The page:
Ten years ago I was introduced to a woman of seventy who had big children of 50 years of age. It was whispered to me that she was “a bit funny”. I let it lay. Then another whispered to me the same warning. I just saw a humerous beautiful woman with deep brown eyes, a remnant from her shipwrecked Armada ancestry. Being curious, I asked over a Monday morning cuppa ,the wise old woman of the village what was up with so called looney.
Turns out the ‘funny’ woman was disliked by many after she had ‘the baby blues’, how many bloomin’ years ago? I translated that to my educated self: Post-natal depression, a scourge on us like dementia, like something we ward off with now, wait for it, mindfullness, and in the soon future ‘nature and art’. I never felt sorry for Spanish hereditary lady but hated the prejudice again of the same community which uses “darky” and “Paki” in 2016.
The woman had somehow let down womanhood and the larger community, The “we” became “I” for a lifetime.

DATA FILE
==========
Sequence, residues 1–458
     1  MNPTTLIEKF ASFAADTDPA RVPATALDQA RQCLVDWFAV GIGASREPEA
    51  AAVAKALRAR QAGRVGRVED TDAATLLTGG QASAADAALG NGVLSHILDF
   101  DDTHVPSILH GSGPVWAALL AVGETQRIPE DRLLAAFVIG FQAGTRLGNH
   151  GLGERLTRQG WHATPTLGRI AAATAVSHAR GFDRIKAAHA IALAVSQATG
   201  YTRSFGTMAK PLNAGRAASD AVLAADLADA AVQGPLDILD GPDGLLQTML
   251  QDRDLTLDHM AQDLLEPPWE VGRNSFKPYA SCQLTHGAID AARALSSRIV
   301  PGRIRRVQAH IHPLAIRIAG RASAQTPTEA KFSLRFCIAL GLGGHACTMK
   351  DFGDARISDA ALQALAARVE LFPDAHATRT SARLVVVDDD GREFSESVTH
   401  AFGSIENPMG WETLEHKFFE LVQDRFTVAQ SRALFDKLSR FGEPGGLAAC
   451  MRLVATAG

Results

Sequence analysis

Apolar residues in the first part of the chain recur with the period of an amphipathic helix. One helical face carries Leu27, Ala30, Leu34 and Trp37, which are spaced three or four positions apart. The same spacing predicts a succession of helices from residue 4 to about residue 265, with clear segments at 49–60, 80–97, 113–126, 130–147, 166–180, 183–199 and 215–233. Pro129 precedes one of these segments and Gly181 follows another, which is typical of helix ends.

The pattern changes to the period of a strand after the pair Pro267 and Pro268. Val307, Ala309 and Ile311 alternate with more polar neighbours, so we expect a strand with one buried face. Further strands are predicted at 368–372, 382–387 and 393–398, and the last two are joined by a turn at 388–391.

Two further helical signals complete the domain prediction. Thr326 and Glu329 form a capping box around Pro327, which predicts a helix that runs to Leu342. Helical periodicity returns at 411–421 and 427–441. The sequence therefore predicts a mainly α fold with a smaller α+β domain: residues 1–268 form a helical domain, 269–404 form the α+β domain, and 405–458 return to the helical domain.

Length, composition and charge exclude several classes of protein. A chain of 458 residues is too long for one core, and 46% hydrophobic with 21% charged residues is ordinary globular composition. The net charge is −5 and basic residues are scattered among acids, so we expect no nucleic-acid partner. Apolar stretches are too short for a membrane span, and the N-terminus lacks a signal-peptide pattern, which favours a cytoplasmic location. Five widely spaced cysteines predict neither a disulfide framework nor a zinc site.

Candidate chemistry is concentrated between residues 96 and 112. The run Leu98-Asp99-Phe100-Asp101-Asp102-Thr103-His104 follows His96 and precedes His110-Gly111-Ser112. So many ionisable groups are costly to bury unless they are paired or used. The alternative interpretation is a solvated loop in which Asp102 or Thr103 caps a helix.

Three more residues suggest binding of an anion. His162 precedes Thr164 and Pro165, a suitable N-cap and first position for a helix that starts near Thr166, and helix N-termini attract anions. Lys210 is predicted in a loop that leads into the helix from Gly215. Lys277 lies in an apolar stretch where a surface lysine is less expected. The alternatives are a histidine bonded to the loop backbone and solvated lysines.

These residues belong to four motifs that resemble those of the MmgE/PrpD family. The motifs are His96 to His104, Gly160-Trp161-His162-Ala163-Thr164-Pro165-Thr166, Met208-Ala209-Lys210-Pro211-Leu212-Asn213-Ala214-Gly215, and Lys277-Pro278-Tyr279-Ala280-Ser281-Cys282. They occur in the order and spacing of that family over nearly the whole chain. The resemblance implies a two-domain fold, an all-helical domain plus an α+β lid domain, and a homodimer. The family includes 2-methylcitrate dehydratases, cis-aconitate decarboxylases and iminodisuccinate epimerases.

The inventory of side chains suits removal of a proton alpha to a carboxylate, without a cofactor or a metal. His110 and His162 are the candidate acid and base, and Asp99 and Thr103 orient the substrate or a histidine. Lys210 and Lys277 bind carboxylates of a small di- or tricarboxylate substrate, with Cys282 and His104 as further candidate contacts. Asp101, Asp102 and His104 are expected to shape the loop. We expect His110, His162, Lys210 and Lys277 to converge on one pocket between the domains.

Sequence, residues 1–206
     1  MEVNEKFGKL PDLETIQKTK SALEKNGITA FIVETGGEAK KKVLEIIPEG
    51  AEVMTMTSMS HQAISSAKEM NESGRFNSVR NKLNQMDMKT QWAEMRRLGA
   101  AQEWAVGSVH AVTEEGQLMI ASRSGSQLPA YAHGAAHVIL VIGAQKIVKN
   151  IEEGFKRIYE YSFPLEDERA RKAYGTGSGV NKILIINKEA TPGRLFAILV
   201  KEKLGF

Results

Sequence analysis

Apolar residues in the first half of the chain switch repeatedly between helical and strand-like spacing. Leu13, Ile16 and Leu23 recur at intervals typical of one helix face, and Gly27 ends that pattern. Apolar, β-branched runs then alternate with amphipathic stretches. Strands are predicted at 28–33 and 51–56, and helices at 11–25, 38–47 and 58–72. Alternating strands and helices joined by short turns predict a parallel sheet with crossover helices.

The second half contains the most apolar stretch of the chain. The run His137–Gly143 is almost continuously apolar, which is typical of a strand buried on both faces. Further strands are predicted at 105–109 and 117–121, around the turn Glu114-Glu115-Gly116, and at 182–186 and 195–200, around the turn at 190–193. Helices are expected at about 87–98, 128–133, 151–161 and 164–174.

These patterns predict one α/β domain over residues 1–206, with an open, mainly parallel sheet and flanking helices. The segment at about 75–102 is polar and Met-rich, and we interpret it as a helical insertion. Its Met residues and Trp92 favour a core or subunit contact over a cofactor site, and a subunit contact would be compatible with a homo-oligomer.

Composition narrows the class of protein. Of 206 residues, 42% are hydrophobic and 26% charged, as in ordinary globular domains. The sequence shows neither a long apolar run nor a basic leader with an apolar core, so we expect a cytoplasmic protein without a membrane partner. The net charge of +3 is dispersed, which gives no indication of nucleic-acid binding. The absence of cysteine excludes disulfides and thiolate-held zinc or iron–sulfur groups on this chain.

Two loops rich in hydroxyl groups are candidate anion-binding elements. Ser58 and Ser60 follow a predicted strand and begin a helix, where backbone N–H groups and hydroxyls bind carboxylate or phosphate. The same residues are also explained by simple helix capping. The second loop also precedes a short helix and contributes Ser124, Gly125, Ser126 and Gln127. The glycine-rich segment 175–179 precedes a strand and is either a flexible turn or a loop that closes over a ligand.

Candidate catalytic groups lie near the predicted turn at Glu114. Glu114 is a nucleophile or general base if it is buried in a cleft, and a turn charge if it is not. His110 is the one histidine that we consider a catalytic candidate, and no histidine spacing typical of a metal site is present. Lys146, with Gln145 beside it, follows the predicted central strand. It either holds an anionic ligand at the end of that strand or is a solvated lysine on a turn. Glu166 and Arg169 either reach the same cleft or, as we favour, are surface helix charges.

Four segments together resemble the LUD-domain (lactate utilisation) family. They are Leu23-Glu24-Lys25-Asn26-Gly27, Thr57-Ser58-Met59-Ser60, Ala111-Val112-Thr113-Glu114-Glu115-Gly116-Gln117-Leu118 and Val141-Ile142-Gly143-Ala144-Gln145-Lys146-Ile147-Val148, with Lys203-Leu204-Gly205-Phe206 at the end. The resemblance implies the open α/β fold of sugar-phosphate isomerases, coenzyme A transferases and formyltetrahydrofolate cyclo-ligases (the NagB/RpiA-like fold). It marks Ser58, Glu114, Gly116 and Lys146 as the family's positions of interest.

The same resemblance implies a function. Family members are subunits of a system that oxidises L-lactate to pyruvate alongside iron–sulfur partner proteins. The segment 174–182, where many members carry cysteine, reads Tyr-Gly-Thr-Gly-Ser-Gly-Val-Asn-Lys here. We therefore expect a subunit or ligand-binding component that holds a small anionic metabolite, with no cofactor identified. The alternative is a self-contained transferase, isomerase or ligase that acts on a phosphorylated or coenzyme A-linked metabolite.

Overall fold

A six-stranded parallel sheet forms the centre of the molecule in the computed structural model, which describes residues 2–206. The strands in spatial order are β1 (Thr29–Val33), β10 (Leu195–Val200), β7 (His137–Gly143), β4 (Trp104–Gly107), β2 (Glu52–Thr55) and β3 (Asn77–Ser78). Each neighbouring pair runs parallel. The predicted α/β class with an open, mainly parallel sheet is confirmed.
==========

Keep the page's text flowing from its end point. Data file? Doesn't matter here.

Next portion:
Nowadays in London 2016 it’s okay to talk openly about post-natal depression, about not coping, about severe exhaustion which has no cure but prolonged sleep. We should look out for the signs of an added curse on women. There is no weakness about sickness. Even if there were, so what? Like all mental illnesses we have to recognise post-natal depression, be amazed that in the near past we older women hid the nuisance under our duster coats and headscarves.
I wonder if that lady ever knew she needed help back in the day or was it the doctor’s receptionist who let the cat out of its messy bag.
How do I help someone on the edge? Offer silence, air space to offload pent up misery and meals to give energy to days of life.